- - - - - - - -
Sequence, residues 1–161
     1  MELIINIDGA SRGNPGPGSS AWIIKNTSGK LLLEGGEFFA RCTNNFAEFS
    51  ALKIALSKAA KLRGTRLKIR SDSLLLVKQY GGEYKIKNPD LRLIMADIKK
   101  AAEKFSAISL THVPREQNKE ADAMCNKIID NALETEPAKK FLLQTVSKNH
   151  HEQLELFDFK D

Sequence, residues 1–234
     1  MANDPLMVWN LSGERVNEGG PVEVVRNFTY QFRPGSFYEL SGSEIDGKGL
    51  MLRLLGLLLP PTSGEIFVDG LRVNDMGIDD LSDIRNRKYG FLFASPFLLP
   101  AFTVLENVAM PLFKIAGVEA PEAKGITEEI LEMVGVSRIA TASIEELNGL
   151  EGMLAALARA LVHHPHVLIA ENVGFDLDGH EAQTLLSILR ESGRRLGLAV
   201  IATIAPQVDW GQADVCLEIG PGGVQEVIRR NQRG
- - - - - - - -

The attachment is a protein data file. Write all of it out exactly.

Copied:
Sequence, residues 1–161
     1  MELIINIDGA SRGNPGPGSS AWIIKNTSGK LLLEGGEFFA RCTNNFAEFS
    51  ALKIALSKAA KLRGTRLKIR SDSLLLVKQY GGEYKIKNPD LRLIMADIKK
   101  AAEKFSAISL THVPREQNKE ADAMCNKIID NALETEPAKK FLLQTVSKNH
   151  HEQLELFDFK D

Sequence, residues 1–234
     1  MANDPLMVWN LSGERVNEGG PVEVVRNFTY QFRPGSFYEL SGSEIDGKGL
    51  MLRLLGLLLP PTSGEIFVDG LRVNDMGIDD LSDIRNRKYG FLFASPFLLP
   101  AFTVLENVAM PLFKIAGVEA PEAKGITEEI LEMVGVSRIA TASIEELNGL
   151  EGMLAALARA LVHHPHVLIA ENVGFDLDGH EAQTLLSILR ESGRRLGLAV
   201  IATIAPQVDW GQADVCLEIG PGGVQEVIRR NQRG